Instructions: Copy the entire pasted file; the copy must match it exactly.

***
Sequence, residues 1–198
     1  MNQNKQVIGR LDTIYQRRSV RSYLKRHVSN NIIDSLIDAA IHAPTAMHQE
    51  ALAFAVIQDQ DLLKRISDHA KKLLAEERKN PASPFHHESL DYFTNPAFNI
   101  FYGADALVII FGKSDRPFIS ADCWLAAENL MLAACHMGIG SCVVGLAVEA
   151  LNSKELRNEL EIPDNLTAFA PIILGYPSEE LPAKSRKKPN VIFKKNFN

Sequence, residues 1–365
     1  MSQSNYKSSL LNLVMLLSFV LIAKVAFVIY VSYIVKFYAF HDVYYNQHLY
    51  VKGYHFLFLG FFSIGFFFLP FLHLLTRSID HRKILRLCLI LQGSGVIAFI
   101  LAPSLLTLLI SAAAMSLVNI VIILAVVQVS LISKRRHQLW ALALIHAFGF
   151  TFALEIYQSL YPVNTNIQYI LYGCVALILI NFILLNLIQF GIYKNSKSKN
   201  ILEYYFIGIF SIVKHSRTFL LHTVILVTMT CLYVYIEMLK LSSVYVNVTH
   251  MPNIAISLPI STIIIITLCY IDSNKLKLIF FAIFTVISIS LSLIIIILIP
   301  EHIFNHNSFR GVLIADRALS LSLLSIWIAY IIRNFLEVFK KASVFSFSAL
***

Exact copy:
Sequence, residues 1–198
     1  MNQNKQVIGR LDTIYQRRSV RSYLKRHVSN NIIDSLIDAA IHAPTAMHQE
    51  ALAFAVIQDQ DLLKRISDHA KKLLAEERKN PASPFHHESL DYFTNPAFNI
   101  FYGADALVII FGKSDRPFIS ADCWLAAENL MLAACHMGIG SCVVGLAVEA
   151  LNSKELRNEL EIPDNLTAFA PIILGYPSEE LPAKSRKKPN VIFKKNFN

Sequence, residues 1–365
     1  MSQSNYKSSL LNLVMLLSFV LIAKVAFVIY VSYIVKFYAF HDVYYNQHLY
    51  VKGYHFLFLG FFSIGFFFLP FLHLLTRSID HRKILRLCLI LQGSGVIAFI
   101  LAPSLLTLLI SAAAMSLVNI VIILAVVQVS LISKRRHQLW ALALIHAFGF
   151  TFALEIYQSL YPVNTNIQYI LYGCVALILI NFILLNLIQF GIYKNSKSKN
   201  ILEYYFIGIF SIVKHSRTFL LHTVILVTMT CLYVYIEMLK LSSVYVNVTH
   251  MPNIAISLPI STIIIITLCY IDSNKLKLIF FAIFTVISIS LSLIIIILIP
   301  EHIFNHNSFR GVLIADRALS LSLLSIWIAY IIRNFLEVFK KASVFSFSAL